Finally, the sustainable index is a measure of relative sustainability. This number is subjective, representing this firm’s judgment of the relative sustainability of each credit. The higher the sustainable index number (from 1 to 10), the more sustainable is the credit. Cost per sustainable unit is obtained by dividing the square foot cost by the sustainable unit index. This will tell the project design team the relative cost per sustainable unit for each credit. The objective is to select wisely to achieve effective sustainability for the most reasonable cost.
The base document for developing EarlyEco was the LEED for New Construction rating system v. 2.2, however the information that is contained the article has the proposed LEED for Laboratory credits shown in bold. The LEED for Laboratories has not yet been approved; when it comes out these credits may have to be adjusted as per the final parameters in the final LEED for Laboratories. The number of credits may also have to be adjusted.
The team’s conclusions
In this case, the design team thought that it was also important to use this generalized information to further understand the relative cost between Certified, Silver, Gold, and Platinum accreditation levels. The lowest-cost credits with the fastest payback were used to generate the following figures:
- Certified Level (26 – 32 points): Credits pursued 28; total lowest additional cost (approximately); $1,699,670 (3.01% of the cost of the facility); $11,182 average cost per credit; annual savings per year $438,511.; 3.88 years payback; cost per square foot $11.29; 20 years savings $8,770,220 and inflation rated $14,499,784.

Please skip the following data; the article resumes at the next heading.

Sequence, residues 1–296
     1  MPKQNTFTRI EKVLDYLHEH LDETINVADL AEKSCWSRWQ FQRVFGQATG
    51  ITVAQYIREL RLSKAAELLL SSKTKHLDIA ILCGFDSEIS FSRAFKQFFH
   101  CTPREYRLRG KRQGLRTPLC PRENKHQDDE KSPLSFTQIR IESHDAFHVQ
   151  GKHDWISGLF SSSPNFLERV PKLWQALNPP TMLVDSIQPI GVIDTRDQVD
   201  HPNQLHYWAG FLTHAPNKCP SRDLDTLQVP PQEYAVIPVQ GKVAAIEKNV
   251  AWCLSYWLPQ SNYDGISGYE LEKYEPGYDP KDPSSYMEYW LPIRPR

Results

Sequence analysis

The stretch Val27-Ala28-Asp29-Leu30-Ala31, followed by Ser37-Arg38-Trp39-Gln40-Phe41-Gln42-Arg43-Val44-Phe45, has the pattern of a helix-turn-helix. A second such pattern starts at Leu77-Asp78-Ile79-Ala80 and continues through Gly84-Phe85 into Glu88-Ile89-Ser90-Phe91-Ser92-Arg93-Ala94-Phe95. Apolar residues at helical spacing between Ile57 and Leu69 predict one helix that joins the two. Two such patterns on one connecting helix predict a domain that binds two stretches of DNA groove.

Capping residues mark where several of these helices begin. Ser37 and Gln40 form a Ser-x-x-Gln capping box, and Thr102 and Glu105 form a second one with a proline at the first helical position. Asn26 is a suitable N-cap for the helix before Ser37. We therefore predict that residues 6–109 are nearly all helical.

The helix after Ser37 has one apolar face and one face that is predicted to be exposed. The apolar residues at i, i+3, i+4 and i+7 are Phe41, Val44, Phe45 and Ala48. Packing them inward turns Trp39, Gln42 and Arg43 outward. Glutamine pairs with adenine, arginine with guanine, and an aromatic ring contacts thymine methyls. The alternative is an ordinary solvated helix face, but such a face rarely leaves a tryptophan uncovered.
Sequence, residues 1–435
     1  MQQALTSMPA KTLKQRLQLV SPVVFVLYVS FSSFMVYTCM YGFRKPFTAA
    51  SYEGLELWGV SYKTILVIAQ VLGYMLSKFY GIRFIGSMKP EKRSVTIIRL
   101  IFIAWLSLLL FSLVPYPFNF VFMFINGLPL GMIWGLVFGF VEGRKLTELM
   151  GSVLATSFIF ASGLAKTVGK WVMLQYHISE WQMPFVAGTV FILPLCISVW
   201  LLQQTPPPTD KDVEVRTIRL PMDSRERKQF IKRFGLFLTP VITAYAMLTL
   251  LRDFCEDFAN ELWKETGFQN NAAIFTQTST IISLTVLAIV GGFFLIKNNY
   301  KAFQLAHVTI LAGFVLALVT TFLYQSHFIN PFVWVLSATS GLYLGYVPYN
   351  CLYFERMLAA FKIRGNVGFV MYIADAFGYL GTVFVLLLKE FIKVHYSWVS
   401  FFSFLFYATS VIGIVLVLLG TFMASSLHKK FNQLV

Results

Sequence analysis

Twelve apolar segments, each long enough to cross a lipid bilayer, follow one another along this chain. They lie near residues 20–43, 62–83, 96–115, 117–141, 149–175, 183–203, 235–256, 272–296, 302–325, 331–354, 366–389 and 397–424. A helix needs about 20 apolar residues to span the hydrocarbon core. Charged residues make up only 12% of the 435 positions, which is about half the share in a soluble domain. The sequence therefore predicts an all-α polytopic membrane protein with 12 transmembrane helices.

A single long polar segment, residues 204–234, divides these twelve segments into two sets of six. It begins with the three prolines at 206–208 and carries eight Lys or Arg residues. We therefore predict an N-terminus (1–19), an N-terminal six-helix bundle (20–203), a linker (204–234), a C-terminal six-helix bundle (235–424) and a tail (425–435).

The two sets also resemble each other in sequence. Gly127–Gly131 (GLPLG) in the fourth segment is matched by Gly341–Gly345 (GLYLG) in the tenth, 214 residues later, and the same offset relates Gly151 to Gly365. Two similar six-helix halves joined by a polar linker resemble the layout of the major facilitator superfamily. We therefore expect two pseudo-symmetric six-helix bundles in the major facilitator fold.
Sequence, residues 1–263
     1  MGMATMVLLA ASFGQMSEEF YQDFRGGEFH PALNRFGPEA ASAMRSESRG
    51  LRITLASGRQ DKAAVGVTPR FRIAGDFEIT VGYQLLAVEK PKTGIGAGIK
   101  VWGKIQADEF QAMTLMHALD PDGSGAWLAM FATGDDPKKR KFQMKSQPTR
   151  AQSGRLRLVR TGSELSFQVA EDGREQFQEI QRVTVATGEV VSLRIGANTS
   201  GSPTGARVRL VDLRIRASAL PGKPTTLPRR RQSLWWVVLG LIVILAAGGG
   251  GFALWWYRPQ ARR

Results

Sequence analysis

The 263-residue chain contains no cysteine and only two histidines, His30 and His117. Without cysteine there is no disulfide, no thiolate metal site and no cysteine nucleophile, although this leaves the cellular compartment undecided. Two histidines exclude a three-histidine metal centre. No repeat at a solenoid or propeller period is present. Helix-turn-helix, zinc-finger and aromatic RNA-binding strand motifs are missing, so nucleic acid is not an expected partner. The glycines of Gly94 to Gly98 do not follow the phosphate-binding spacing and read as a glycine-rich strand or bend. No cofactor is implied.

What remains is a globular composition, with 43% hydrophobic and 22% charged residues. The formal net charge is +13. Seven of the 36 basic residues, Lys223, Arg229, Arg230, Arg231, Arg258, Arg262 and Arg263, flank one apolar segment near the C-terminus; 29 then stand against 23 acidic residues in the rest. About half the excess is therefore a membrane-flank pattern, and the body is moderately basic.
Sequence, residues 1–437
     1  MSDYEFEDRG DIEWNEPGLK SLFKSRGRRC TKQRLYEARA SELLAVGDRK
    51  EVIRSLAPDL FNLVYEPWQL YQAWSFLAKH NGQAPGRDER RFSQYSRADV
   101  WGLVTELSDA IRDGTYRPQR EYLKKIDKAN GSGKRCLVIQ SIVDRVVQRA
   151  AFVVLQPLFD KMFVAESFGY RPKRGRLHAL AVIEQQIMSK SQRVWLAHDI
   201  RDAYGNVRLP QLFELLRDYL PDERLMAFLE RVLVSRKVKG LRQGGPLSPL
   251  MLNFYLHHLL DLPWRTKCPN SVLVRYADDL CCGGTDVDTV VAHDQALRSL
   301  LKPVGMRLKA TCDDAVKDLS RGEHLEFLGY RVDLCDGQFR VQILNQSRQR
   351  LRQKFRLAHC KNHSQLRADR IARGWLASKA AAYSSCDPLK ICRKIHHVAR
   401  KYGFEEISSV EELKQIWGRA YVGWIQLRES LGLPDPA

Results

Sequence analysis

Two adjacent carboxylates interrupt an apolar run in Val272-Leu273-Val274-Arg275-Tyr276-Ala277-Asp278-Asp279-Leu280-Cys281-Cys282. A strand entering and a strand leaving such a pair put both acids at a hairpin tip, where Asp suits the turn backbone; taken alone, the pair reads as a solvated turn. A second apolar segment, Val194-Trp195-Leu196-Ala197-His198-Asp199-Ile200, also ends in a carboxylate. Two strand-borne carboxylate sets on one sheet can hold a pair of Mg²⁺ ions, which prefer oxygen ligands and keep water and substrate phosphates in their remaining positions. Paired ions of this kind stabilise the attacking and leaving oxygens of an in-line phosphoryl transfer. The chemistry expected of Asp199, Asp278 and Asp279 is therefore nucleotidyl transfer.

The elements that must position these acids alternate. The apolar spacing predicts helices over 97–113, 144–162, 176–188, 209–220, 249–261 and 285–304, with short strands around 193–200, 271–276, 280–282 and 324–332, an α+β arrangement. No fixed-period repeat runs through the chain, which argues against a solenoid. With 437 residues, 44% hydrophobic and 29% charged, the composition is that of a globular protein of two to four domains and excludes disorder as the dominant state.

- Silver Level (33 – 38 points): Credits pursued 35; total lowest additional cost (approximately) $2,472,297 (4.38 % of the cost of the facility); $13,081 average cost per credit; annual savings per year $484,099; 5.11 years payback; cost per square foot $16.42; 20 years savings $9,681,972 and inflation rated $16,007,183.
- Gold Level (39-51 points): Credits pursued 41; total lowest additional cost (approximately) $3,635,902. (6.45% of the cost of the facility); $16,232 average cost per credit; annual savings per year $572,940; 6.35 years payback; cost per square foot $24.15; 20 years savings $11,458,798 and inflation rated $18,944,805.
- Platinum Level (52 – 69 points): Credits pursued 54; total lowest additional cost (approximately) $6,309,105 (11.19% of the cost of the facility); $21,030 average cost per credit; annual savings per year $786,159; 8.03 years payback; cost per square foot $41.90; 20 year savings $15,723,180 and inflation rated $25,995,098.
Remember, figures for other projects will vary since these are generalized costs where the lowest credit costs were used. Project parameters might be such that some of the lower cost credits are not applicable to that project. The project costs will probably be slightly higher that the ranges shown above.
The bottom line
When clients ask, “How much will it cost?” they deserve the best answer that we, as design professionals, can give them. Years of experience have been distilled into a tool that conceptually estimates the costs and savings associated with designing and building a LEED facility. And, thanks to the wonders of modern software tools and computing power, it can crunch the numbers in less than two seconds.
MHTN Architects, Inc. Salt Lake City, Utah, 800-342-8991 ,
Published in R & D magazine: Vol. 50, No. 1, February, 2008, p.26-27.